9) Test the tunnel
We'll use ping to check that everything is running ok. First, try pinging the OpenVPN router LAN IP address (the default is 192.168.1.1). It should respond. Next try to ping the IP address of a LAN machine. In my test case, the Win 8.1 LAN computer was at 192.168.1.149. The screenshot below shows that the OpenVPN configuration provided connection to LAN clients.
OpenVPN tunnel test passed
10) Use the tunnel
At this point, you are up and running! Remember that network browsing isn't supported. So you must reach LAN devices by IP address, not hostnames. If you're just accessing shared files, mapped drives are your friend.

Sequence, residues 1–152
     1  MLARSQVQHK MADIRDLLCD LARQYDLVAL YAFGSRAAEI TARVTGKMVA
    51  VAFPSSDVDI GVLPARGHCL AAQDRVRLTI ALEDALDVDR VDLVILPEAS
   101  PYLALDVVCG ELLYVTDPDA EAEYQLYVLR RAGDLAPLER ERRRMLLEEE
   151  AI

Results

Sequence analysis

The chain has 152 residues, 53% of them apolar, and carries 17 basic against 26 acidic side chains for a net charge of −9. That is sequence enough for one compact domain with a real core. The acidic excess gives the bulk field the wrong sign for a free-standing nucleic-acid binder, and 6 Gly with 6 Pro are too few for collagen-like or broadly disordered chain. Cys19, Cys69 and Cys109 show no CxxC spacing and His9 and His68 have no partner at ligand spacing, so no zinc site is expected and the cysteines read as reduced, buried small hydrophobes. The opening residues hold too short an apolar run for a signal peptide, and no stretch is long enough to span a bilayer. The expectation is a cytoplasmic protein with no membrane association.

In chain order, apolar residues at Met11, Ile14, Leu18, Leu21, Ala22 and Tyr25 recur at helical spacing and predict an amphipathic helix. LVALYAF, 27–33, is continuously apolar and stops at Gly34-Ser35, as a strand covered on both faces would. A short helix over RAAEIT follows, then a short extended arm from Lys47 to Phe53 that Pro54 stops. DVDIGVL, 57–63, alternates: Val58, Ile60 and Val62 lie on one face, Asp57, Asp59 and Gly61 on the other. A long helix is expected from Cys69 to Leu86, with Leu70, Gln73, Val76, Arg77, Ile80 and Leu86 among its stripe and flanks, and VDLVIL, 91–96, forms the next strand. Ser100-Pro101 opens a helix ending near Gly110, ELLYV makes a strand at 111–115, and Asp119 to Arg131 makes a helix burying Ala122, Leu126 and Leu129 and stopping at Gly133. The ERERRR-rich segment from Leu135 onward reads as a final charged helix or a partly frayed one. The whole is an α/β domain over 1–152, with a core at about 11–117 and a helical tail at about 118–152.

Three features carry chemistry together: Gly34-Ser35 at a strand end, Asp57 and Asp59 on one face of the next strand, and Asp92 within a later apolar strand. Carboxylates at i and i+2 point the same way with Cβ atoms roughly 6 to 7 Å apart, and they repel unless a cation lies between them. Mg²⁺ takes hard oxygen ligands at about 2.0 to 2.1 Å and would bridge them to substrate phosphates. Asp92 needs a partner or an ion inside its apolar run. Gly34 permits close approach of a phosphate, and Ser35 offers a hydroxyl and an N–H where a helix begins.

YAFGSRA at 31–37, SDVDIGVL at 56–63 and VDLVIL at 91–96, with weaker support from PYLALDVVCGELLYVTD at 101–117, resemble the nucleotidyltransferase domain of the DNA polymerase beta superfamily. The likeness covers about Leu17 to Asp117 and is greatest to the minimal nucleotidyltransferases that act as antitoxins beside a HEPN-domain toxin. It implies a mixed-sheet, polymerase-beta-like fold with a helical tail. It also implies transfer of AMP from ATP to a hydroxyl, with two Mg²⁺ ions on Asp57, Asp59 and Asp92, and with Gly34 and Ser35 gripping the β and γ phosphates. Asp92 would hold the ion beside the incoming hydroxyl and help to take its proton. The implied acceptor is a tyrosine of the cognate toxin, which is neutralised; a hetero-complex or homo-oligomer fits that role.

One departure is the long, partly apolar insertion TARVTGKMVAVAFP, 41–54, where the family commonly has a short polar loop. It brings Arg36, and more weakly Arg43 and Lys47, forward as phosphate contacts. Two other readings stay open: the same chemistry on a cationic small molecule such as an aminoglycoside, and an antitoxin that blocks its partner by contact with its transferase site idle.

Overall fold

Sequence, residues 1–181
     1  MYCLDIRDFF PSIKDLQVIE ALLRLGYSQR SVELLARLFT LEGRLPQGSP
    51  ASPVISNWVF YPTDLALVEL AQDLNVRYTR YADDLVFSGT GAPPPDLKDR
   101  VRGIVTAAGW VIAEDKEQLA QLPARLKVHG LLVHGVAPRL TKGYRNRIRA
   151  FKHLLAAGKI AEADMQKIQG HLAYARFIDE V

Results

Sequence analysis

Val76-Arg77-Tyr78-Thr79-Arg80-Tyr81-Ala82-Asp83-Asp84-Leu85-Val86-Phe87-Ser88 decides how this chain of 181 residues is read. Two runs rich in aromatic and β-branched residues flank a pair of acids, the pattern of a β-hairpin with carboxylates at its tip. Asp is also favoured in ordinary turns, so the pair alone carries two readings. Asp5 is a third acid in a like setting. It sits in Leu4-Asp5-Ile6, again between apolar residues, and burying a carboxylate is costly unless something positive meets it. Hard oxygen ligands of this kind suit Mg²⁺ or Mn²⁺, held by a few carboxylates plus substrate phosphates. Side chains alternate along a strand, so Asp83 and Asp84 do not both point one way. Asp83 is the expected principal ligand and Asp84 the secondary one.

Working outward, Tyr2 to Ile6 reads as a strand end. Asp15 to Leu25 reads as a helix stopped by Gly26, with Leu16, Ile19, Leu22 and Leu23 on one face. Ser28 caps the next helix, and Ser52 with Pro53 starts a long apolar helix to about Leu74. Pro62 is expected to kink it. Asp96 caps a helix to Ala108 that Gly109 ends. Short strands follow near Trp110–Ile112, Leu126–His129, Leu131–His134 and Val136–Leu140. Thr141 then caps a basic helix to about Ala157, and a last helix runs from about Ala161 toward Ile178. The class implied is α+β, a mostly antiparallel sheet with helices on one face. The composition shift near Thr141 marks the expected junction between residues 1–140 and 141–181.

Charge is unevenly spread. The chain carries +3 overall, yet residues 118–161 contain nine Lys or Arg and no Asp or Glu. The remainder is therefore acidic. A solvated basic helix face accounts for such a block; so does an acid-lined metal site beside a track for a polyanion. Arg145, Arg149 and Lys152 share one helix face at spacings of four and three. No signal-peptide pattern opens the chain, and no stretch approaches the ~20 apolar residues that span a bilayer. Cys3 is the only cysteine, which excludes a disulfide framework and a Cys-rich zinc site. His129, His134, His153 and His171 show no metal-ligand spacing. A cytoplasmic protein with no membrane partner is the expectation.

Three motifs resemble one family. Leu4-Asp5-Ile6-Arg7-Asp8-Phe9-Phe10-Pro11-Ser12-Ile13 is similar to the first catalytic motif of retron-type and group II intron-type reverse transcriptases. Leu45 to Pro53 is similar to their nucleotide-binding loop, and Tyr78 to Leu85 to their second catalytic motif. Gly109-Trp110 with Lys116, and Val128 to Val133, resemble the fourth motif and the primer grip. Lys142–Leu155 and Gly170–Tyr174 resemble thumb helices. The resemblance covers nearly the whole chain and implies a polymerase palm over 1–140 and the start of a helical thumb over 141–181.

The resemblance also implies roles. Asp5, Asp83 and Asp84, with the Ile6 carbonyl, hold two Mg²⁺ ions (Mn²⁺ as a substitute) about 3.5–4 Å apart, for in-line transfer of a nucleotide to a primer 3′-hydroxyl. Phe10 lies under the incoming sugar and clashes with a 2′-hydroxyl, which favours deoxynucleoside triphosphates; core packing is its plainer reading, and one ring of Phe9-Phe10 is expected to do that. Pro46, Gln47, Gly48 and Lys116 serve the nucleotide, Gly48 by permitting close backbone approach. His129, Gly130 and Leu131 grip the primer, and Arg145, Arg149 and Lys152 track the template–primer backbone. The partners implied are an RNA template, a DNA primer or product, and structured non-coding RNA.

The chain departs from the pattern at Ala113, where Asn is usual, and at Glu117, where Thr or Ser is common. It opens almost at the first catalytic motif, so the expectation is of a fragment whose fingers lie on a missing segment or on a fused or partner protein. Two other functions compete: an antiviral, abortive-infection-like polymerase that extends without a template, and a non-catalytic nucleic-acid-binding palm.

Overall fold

I had three ASUS routers handy for testing. My go-to IxChariot performance test tool would not work through the OpenVPN tunnel. So I had to resort to drag-and-dropping a >1 GB Windows backup .bkf file for testing. Drag-and-drops were initiated from the remote (WAN side) machine to ensure that traffic flowed through the tunnel.
|Router||CPU||Firmware||Remote > Server||Server > Remote|
|ASUS RT-N66U||Broadcom BCM4706
single core, 600 MHz
|ASUS RT-AC68U||Broadcom BCM4708
dual core, 800 MHz
|ASUS RT-AC87U||Broadcom BCM4709
dual core, 1 GHz
Table 1: File copy throughput - OpenVPN tunnel (MBytes/sec)
There's a big difference in stepping up from the single-core BCM4706 to the dual-core BCM4708. But not as large a jump between the 4708 and 4709.
I hope the step-by-step saves you the hassles that I ran into in getting OpenVPN working on ASUS. If you find an error, please let me know so that I can correct it.
Next time, OpenVPN on NETGEAR.